El mundo en los inicios del siglo XXI se percibe hoy convulsionado, caótico e impredecible.  Si hay un rasgo que parece distinguir al mundo de hoy es su carácter esencialmente impredecible.Efectivamente, la proliferación de conflictos de distinto orden en distintas regiones del orbe, denotan la existencia de profundas controversias de intereses que no fueron resueltas durante el siglo XX y que constituyen su herencia más negativa.   El hambre, el SIDA, la pobreza, las diferencias religiosas, las tensiones étnicas y raciales, las luchas por el agua o por el petróleo, los conflictos originados en el control de zonas estratégicas del mundo, las distintas formas de intervención de la potencia imperial en aquellas regiones del mundo donde se juegan intereses cruciales, todas ellas son parte de la herencia que el siglo XXI ha recibido de la centuria anterior y, en algunos casos, del siglo XIX. El mundo de hoy es tanto o más impredecible que durante el siglo XX. 

Este ensayo tiene por objeto examinar el dilema de la guerra y la paz en la época contemporánea.    

Tres disciplinas nos permiten examinar este tópico: las Relaciones Internacionales, la Teoría Estratégica y la Ciencia Política.  Este trabajo presenta un análisis del sistema internacional, desde la perspectiva intelectual  de la escuela teórica del realismo político y estratégico.   Manuel Luis Rodríguez U.  Cientista Político.

Punta Arenas – Magallanes, invierno de 2006. 

unipolaridad, imperio, incertidumbre y redistribución de las hegemonías: los determinantes estructurales del actual orden mundial

Cuatro conceptos y tendencias profundas permiten comprender el actual estado del sistema internacional: la unipolaridad, un esquema del orden mundial que opera como resultado del término de la guerra fría (1945-1990); la actual hegemonía imperial estadounidense en los planos tecnológico, estratégico y económico; el predominio de un clima internacional caracterizado por la incertidumbre más o menos generalizada o por la pérdida de las certidumbres estratégicas y políticas anteriores; y una tendencia cada vez más marcada hacia la redistribución de las hegemonías a escala planetaria.  El actual orden mundial se comprende a partir de la existencia de un esquema unipolar, es decir, del predominio y hegemonía de una sola potencia sobre el conjunto del sistema-planeta.  Esa potencia unipolar es hoy Estados Unidos.  La hegemonía estadounidense le permite desempeñar en la actualidad una posición de dominación incontestable en el mundo entero, posición que se caracteriza por el ejercicio cada vez más  creciente de una dominación de caracter imperial. Al ordenarse el sistema-planeta en torno a una potencia global, se asume que la forma cómo esa potencia global ejerce su hegemonía es mediante la configuración de relaciones de carácter imperial con las demás potencias mundiales y regionales.  El imperio global es hoy entonces una categoría de análisis que permite entender la forma cómo se encuentra materializada la actual arquitectura internacional y como está distribuido el poder y la dominación en el mundo contemporáneo.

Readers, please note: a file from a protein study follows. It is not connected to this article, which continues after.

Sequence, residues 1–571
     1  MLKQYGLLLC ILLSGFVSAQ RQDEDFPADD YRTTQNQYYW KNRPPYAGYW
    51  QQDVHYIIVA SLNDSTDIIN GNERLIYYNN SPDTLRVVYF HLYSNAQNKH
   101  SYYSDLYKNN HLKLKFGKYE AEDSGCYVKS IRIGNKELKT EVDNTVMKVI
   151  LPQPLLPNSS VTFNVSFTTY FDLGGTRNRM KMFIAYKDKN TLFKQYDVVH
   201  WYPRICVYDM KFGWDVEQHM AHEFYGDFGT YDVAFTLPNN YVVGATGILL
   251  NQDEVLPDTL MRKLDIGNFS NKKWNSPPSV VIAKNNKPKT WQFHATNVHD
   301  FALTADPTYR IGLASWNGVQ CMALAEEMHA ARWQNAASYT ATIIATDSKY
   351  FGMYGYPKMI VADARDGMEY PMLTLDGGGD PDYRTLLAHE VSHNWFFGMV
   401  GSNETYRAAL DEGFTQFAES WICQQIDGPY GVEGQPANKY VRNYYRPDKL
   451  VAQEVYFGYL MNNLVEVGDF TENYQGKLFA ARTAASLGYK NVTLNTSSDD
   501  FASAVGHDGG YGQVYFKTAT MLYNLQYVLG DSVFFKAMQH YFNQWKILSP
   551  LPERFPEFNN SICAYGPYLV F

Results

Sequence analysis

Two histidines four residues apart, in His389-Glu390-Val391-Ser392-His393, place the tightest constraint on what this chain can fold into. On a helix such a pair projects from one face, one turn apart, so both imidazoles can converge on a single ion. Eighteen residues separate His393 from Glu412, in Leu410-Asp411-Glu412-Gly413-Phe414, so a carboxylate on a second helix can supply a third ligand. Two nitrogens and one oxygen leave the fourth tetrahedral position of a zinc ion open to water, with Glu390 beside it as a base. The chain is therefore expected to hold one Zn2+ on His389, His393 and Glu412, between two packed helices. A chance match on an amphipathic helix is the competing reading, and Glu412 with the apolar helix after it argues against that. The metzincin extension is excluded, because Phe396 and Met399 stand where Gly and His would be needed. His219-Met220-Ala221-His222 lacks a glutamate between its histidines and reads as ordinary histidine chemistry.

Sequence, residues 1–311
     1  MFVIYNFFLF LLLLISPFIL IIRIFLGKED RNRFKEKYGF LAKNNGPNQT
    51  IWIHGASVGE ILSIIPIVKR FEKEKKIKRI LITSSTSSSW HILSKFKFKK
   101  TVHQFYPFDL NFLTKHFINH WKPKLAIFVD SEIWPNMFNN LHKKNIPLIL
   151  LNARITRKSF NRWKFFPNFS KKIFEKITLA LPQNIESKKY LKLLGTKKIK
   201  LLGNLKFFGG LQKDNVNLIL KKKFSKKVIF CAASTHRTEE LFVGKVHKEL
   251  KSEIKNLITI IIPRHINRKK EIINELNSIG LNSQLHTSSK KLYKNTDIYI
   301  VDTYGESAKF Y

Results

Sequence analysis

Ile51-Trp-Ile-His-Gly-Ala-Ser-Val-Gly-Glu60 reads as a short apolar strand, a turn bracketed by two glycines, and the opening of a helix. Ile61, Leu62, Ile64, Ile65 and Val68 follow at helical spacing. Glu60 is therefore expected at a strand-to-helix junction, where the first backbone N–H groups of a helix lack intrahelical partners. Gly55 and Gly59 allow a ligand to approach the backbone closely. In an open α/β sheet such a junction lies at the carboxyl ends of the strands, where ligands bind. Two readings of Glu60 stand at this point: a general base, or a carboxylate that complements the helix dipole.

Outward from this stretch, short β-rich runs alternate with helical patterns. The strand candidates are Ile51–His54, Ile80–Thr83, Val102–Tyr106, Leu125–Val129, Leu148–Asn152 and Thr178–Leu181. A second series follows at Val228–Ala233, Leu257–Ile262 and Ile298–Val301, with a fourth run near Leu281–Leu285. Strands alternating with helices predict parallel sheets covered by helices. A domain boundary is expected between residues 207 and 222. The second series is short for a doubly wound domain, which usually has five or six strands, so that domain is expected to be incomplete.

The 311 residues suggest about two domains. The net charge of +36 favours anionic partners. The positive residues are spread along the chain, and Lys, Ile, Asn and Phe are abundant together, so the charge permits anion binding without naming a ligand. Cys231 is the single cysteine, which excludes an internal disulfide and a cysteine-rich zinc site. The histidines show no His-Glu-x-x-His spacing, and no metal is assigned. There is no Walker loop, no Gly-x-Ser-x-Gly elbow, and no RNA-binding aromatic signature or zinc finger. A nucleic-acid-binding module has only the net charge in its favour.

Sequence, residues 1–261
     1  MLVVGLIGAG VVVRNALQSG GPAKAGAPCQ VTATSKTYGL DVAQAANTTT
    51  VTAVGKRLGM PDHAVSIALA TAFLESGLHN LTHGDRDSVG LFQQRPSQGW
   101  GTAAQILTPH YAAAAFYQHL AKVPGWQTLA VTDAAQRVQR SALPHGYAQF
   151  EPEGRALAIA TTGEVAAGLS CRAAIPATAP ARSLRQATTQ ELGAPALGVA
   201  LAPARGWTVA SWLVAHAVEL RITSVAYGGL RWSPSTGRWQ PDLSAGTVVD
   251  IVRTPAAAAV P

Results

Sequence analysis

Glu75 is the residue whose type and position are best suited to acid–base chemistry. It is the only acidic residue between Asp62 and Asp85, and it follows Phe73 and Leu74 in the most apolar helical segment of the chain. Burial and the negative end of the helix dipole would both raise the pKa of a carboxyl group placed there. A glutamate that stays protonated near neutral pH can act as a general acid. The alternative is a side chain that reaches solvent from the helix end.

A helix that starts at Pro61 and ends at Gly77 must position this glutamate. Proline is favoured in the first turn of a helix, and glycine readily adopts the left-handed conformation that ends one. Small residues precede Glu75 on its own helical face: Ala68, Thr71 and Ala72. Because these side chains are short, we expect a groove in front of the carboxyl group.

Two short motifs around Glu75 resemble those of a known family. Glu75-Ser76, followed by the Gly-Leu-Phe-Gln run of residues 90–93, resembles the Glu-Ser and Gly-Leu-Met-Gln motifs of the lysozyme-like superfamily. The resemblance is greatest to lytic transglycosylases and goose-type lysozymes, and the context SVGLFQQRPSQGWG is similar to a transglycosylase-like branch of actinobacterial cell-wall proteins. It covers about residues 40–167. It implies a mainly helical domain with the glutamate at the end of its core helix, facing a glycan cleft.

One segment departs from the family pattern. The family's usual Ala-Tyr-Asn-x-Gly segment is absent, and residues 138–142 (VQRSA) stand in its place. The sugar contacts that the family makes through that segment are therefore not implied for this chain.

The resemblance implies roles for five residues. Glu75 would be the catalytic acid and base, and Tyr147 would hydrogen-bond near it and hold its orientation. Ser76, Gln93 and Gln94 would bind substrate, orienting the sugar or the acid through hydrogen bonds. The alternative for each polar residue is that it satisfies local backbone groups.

El imperio ordena el mundo a partir de una jerarquización desigual de las potencias y de una asimetría estratégica estructural básica que el actual « desorden » mundial hereda del anterior sistema internacional. 

El antiguo sistema internacional basado en el paradigma de Westfalia, se encuentra en transición hacia un orden imperial, hacia una Nueva Edad Media postmoderna en que los Estados nacionales son sometidos a una creciente presión « desde abajo » o sea desde las demandas y reivindicaciones regionales y locales, y « desde arriba », o sea desde las emergentes entidades supranacionales y transnacionales que gradualmente le van restando márgenes de soberanía.   De este deterioro del Estado nacional como entidad única y primordial del sistema internacional, también se beneficia la dominación imperial.